Humans living in North Africa, including what is now the Sahara desert, are thought to have been at the vanguard of the Out of Africa movement, the consensus scenario of human origins. Modern humans, that is. They were ideally placed to enter Europe and western Asia. This fact can actually be turned on its head as North Africa is ideally placed for migration in the opposite direction, from Europe and western Asia into Africa, as happened during the Holocene period.
Gunnar Heinsohn and Trevor Palmer are currently locked into a debate that mainly centres around the conventional version of Roman history. Palmer is on the mainstream side, producing reams of evidence in support of his position, and Heinsohn, as is his want, is lobbing the occasional hand grenade to cause a splutter or two. Now, Heinsohn's ideas have been taken up by the redoubtable Tim Cullen and he has his own variation on it all - - go to http://malagabay.wordpress.com/2014/08/16/friends-romans-countrymen/ ...
At http://archaeologynewsnetwork.blogspot.co.uk/2014/08/discovery-suggests-... ... a set of tusks in a museum, once attached to a mastodon skull that was thrown overboard, ended up in the nets of fishermen from Chesapeake Bay, along with some stone tools. They have been stored away for some 40 years or so, in the dark recesses of a museum. The interesting thing about them is that the sea floor in which they were dredged up from is continental shelf that would have been dry land during the last Ice Age. It is the North American equivalent of the North Sea basin.
Steve Mitchell, in an article in SIS Review claimed Anglo Saxon Londinwec was situated further up the Thames terracing than it was during the Roman period. Londinium was moved as a result of higher sea/river levels and a general flooding of coastal Britain in the Late Roman period was a reality - which meant early Saxon trading emporiums, or wics/wicks, were located on higher ground. In Current Archaeology 294 September 2014 (see www.archaeology.co.uk) page 6, there is a short report on a trench dug beneath a building on the Strand in order to instal a lift shaft.
Rens van der Sluijs has twice featured Mount Bego on Thunderbolts - and it also appears in his books. Under the title Rock Science it is worth reading again as petroglyphs must be telling us something. Why would somebody go to all the trouble of punching holes in rocks to create images if there was not something bothering in his head - something he had witnessed, or felt strongly about, something that set him on a mission. There are, I repeat, over 35,000 petroglyphs on rocks and in the vicinity of Mount Bego in the Alps. Something extraordinary appears to be intimated.
Considering that we are part of the European Union we appear to have very little news content of what is happening on the continent - even in France and Germany. This situation is also true of science - what they are doing on the other side of the Channel is largely ignored - let alone research from further afield, in other parts of the world. Allen and Delair collated a lot of data from Russia during a time the Russkis were not very popular - which was unusual. A great deal of criticism levelled at them was they used obscure sources - which encapsulates the mindset.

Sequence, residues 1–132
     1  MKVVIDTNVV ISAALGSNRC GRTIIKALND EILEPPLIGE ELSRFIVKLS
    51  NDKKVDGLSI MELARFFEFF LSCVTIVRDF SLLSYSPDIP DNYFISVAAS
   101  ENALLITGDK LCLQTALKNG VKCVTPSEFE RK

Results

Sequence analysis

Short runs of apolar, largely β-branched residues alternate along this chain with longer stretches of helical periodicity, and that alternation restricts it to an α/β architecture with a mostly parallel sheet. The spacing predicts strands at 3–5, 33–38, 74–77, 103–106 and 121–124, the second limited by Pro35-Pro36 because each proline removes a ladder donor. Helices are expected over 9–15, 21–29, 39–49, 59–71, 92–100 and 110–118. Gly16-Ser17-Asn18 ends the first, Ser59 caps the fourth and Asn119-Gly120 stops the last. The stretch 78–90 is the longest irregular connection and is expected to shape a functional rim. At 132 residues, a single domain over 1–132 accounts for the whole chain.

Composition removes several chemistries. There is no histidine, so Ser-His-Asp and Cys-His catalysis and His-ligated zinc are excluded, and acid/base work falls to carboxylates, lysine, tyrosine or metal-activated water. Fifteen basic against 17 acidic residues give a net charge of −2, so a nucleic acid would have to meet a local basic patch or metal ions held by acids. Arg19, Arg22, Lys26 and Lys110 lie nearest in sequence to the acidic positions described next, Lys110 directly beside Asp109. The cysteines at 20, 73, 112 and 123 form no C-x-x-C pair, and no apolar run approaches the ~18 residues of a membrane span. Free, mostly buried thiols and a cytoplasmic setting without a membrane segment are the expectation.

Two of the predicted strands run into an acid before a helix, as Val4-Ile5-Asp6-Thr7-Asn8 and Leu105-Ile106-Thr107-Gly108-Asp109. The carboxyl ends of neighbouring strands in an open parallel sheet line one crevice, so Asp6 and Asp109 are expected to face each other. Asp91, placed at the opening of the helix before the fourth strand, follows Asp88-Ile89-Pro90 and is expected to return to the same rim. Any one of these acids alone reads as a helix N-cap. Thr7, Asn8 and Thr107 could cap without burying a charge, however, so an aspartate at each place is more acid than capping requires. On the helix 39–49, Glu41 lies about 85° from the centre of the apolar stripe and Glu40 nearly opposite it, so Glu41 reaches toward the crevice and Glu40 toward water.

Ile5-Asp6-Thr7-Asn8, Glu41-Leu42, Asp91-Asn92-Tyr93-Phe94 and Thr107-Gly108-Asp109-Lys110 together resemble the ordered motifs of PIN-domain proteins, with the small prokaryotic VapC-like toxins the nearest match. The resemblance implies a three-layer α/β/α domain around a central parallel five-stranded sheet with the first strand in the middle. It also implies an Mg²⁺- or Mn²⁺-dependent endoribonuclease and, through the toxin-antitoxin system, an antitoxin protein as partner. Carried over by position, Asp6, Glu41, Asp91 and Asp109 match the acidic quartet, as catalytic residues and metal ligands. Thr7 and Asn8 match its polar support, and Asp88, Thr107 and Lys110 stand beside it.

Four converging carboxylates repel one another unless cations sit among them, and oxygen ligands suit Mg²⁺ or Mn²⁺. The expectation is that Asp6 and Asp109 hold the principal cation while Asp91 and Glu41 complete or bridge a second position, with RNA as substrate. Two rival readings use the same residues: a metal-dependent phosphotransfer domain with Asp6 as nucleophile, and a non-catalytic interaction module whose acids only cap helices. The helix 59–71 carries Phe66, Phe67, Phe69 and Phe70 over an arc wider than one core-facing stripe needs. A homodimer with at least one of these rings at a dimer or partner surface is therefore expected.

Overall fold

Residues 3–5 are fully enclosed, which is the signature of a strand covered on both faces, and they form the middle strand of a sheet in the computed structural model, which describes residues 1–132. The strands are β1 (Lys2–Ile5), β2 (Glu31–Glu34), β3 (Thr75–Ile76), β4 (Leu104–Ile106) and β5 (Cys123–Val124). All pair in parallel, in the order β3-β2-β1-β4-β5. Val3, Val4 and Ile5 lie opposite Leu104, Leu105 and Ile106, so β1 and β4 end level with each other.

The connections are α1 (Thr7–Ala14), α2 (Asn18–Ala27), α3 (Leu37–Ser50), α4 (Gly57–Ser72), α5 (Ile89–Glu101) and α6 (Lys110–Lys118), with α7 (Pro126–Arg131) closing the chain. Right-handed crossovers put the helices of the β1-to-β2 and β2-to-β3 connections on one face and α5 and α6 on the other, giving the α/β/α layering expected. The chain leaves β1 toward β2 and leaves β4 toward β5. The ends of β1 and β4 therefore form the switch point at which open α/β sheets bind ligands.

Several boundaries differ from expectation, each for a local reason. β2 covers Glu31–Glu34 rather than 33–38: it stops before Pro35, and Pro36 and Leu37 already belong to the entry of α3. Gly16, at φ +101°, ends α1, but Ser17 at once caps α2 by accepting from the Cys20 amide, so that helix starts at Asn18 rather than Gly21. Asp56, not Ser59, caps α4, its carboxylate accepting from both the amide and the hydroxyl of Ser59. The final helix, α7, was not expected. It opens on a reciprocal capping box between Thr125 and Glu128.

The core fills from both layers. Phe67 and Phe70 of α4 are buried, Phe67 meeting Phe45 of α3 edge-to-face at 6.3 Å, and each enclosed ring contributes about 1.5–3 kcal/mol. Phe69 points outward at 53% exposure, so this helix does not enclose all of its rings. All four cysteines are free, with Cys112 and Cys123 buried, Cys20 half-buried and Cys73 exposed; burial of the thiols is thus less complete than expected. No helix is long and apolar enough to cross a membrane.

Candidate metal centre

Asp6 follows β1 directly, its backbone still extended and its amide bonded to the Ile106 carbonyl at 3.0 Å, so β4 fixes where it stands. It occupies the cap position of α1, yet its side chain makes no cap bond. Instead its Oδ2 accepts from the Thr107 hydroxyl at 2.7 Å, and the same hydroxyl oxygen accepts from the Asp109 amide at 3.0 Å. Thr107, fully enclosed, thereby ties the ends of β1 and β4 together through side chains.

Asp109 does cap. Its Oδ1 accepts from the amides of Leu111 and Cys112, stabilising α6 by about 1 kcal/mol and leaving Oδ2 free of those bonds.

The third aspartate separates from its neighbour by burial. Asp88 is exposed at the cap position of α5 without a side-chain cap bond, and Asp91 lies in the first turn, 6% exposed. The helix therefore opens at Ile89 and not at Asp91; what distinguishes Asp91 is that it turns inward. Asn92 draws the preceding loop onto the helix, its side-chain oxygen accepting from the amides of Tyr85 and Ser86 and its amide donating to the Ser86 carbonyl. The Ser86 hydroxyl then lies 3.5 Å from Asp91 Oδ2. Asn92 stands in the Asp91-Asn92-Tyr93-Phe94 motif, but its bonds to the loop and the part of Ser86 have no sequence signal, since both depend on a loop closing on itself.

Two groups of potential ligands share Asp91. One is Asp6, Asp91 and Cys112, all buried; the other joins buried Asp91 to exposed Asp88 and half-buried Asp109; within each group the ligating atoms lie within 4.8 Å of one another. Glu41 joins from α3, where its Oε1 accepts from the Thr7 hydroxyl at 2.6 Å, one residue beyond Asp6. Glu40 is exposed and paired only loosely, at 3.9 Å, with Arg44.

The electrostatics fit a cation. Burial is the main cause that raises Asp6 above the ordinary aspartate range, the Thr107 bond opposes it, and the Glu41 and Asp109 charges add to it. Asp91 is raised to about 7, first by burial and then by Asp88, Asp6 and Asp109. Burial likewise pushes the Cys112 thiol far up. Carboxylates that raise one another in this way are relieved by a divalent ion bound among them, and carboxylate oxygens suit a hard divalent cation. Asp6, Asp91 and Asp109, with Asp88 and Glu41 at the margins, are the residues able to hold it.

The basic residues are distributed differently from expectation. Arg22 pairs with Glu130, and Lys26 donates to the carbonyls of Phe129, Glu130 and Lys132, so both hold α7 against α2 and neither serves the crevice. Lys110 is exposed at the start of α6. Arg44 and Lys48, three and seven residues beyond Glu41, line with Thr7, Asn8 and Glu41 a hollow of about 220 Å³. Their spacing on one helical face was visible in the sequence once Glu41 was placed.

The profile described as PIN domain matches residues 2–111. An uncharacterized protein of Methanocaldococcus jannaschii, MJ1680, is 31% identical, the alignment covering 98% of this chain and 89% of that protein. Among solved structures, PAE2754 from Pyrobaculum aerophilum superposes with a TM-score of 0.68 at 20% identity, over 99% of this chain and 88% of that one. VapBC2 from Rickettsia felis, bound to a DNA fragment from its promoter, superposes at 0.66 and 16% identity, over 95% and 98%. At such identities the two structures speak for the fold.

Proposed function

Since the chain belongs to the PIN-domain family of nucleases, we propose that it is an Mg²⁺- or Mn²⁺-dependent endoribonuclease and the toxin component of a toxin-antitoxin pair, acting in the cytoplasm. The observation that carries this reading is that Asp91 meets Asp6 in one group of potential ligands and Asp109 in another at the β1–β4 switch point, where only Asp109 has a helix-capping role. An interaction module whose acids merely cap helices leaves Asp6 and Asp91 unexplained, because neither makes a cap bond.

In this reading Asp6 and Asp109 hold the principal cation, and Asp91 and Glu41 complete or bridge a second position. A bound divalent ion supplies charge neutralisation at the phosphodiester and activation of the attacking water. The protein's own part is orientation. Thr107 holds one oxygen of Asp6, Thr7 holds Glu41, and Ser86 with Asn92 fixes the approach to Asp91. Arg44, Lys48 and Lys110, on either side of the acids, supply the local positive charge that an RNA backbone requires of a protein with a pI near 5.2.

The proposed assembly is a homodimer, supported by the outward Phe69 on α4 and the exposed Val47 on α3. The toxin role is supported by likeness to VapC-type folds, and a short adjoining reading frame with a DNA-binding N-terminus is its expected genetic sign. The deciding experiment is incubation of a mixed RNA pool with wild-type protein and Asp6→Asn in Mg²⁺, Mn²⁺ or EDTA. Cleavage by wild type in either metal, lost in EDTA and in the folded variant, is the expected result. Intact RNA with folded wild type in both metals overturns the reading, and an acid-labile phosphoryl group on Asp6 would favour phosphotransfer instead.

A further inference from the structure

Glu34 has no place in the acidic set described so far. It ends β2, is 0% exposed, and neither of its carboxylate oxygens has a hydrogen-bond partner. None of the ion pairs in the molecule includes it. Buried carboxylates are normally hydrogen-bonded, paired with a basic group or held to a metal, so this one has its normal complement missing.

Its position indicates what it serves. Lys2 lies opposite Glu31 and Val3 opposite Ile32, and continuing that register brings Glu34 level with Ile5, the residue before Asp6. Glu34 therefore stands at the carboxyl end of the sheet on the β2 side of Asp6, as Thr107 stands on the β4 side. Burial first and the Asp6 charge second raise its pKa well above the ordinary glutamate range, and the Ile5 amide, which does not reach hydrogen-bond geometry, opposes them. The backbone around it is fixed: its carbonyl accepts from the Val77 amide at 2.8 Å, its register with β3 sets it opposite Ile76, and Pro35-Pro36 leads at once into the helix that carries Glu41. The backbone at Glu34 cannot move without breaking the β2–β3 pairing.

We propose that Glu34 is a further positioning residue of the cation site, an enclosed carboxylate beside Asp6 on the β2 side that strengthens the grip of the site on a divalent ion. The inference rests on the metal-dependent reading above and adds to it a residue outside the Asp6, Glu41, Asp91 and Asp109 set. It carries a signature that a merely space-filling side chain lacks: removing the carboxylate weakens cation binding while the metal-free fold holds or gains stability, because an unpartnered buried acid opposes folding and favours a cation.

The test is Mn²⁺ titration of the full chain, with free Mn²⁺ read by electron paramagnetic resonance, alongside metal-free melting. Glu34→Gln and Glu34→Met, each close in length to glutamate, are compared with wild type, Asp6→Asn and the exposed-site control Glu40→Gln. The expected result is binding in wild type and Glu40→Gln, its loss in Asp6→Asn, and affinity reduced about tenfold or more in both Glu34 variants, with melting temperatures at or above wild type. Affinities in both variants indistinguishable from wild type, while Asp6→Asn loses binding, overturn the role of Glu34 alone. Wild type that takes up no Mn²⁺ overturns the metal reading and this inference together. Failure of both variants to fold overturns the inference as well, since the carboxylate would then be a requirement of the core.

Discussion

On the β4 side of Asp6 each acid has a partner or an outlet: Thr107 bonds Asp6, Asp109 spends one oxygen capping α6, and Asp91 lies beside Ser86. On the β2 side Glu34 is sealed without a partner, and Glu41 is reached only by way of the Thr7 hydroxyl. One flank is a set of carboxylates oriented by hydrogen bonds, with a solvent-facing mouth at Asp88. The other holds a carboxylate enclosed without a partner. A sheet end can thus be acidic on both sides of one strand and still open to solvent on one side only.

It seems there were two timber henges discovered at Holme on the Norfolk coast. The New Age druid demonstrators made a lot of fuss about the removal of the first one (now preserved in a museum setting) and yet there was another one out there all the time, in its watery grave. Inroads by the sea are hastening its disappearance - and the kind of ending that would have occurred if the first henge had not been saved (as the demonstrators wished).
At http://archaeologynewsnetwork.blogspot.co.uk/2014/07/c02-burp-helped-tri... ... we are told a team of scientists have discovered some CAGW fairy dust - a giant burp of co2 from the North Pacific Ocean that triggered the end of the last Ice Age, 17000 years ago. According to the theory, as that is what it is, a change in ocean circulation helped trigger the co2 burp. No explanation is offered as to why the ocean circulation changed - although of course there are plenty of theories for this out there as well.
Blick Mead, overlooking the river Avon, is also the feature of an article in Current Archaeology 293 (see once again, www.archaeology.co.uk - but remember the articles in the current issue are not uploaded to the web site for several weeks afterwards, otherwise people would not buy the magazine). The Mesolithic period remains (prior to 6000BC) were found beneath what became an Iron Age hillfort - Vespasian's Camp (a bit of antiquarian speculation as it long pre-dates the Roman general and emperor of that name).
An article in Current Archaeology 293 (July/August 2014) (see also www.archaeology.co.uk) makes the point that Silbury Hill sits at the head of the Kennet River - which joins the Thames at Reading. Although modern maps have the head of the Thames near Lechlade, but might this be regarded as one of several tributaries. It asks, perhaps Neolithic people saw the Kennet as more properly a continuation of the Thames, rather than the long loop that goes by way of Oxford. They go further and say, Silbury Hill was positioned in a special landscape.